Assume $\mathcal{C}$ is a monoidal category, with unit $I$. Given a monoid object $M$, I'd like to talk about modules over $M$, but couldn't find any reference. This might seem quite a stretch, but it is not so bad:

  • there are notions of left, right and bimodule that "play well" with residuals
  • modules of the same "handedness" make up categories as we would expect
  • all objects are modules over $I$, and
  • we can still define the tensor product of right $M$-module with a left $M$-module as a coequalizer (as in this nlab page).

Let's assume all such coequalizers exist in $\mathcal{C}$.

Now, fix monoids $A, B, C: \mathcal{C}$, an $A$-$B$-bimodule $X$ and a $B$-$C$-bimodule $Y$: can we endow $X \otimes_{B} Y$ with an $A$-$C$-bimodule structure as we usually do in the case where $\mathcal{C} = \mathbf{Ab}$?

It seems to me that it should be possible, and indeed by the universal property of coequalizers we can show there are morphisms

$$A \otimes (X \otimes_{B} Y) \leftarrow (A \otimes X) \otimes_{B} Y \rightarrow X \otimes_{B} Y$$ $$(X \otimes_{B} Y) \otimes C \leftarrow X \otimes_{B} (Y \otimes C) \to X \otimes_{B} Y$$

Is this the wrong approach, or should I just assume the left arrow is an isomorphism (meaning I'll only consider monoidal categories where $\otimes$ behaves this way)? Is there some reference where this all has already been treated?

  • $\begingroup$ If you know that taking tensor product with an object in your category is exact, in the sense that it preserves coequalizers, you are good to go. This happens in many interesting cases, for example in all finite tensor categories. The question is really what kind of monoidal categories you wish to consider. $\endgroup$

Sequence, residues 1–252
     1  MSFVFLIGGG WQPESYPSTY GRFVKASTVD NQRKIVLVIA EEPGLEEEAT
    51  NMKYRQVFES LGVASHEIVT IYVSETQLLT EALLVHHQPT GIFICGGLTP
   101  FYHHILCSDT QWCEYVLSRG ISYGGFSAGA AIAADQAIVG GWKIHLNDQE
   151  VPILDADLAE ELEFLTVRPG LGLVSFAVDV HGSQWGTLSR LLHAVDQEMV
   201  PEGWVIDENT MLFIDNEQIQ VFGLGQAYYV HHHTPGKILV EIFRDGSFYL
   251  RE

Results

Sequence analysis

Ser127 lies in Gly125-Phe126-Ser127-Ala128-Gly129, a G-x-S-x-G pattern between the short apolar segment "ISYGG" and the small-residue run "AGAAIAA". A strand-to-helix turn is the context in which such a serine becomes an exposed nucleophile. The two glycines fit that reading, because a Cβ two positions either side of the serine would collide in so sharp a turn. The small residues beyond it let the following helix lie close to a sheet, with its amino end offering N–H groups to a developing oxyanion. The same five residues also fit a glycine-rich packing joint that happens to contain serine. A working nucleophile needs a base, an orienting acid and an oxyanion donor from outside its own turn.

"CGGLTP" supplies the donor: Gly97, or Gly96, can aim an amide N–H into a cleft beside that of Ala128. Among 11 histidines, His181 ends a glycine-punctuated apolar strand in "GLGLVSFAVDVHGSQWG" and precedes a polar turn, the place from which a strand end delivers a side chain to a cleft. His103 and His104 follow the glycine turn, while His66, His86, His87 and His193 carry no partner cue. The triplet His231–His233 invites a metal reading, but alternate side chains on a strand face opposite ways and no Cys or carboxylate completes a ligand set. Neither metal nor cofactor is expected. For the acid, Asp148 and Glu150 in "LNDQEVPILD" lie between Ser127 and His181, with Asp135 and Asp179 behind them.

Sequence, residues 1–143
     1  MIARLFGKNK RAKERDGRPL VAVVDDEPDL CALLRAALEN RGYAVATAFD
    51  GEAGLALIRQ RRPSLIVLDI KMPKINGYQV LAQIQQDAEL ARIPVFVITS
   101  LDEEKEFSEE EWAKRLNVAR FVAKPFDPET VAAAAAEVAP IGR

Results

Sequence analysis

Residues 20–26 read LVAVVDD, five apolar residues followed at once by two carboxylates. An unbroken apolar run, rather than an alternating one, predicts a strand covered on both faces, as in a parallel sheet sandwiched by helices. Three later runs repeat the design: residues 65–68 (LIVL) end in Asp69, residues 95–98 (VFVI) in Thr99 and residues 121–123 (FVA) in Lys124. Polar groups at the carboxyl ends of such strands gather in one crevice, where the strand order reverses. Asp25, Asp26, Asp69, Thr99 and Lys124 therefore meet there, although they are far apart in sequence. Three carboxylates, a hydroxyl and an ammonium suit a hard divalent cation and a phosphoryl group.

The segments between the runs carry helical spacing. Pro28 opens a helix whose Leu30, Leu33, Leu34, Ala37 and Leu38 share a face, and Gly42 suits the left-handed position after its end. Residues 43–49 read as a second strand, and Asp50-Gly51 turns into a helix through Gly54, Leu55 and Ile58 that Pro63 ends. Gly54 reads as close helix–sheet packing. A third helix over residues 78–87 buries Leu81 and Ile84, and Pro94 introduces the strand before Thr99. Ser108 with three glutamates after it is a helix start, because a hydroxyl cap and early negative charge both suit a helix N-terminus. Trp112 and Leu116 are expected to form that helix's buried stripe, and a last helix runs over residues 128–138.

– Ehud Meir
    Dec 11, 2018 at 23:27
  • $\begingroup$ I was thinking of making use of the categorical properties of the tensor product on themselves, and I think I've found something: we all know left adjoints preserve colimits (and coequalizers are colimits). This should mean if the left/right residuals exist globally, I'm good to go as well. I'll check tomorrow, since I'm too tired to do it now: if it's true I'll post it as an answer (and feel a bit stupid, too). $\endgroup$ Dec 12, 2018 at 0:18

1 Answer 1


As from my own comment, requiring residuals to exist actually endows $X \otimes_B Y$ with the structure of an $A$-$C$-bimodule; here's a sketch of the proof:

Assume both residuals exists, being the right adjoint to the (left and right) tensor product: this means both tensor products are left adjoints and hence cocontinuous. Since coequalizers are colimits, they are preserved by the tensor product, meaning the arrows on the left are isomorphisms:

$$ A \otimes (X \otimes_B Y) \simeq (A \otimes X) \otimes_B Y$$ $$(X \otimes_B Y) \otimes C \simeq X \otimes_B (Y \otimes C)$$

This allows us to define a functor $\otimes_B : \mathbf{Mod}_{B}(\mathcal{C}) \times {}_{B}\mathbf{Mod}(\mathcal{C}) \to \mathcal{C}$, and functoriality now allows us to endow $X \otimes_B Y$ of the structure of a left $A$-module and a right $C$-module; we now need to show that such structures "interact nicely": again, functoriality saves the day.

It seems the existence of residuals gives everything else "for free", and I'm kind of satisfied with this. I won't, however, accept this answer for a while: if anyone thinks there are better ways of doing this, or relevant cases where residuals don't exist and still all this "bimodule tensor product" is possibile, I'll be very happy to read about it.


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